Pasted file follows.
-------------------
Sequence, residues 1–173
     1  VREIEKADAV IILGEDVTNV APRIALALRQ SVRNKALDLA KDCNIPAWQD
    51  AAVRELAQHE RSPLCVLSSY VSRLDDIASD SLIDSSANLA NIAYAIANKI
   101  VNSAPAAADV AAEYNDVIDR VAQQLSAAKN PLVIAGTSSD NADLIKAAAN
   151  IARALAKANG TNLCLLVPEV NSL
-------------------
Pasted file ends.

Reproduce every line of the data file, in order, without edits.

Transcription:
Sequence, residues 1–173
     1  VREIEKADAV IILGEDVTNV APRIALALRQ SVRNKALDLA KDCNIPAWQD
    51  AAVRELAQHE RSPLCVLSSY VSRLDDIASD SLIDSSANLA NIAYAIANKI
   101  VNSAPAAADV AAEYNDVIDR VAQQLSAAKN PLVIAGTSSD NADLIKAAAN
   151  IARALAKANG TNLCLLVPEV NSL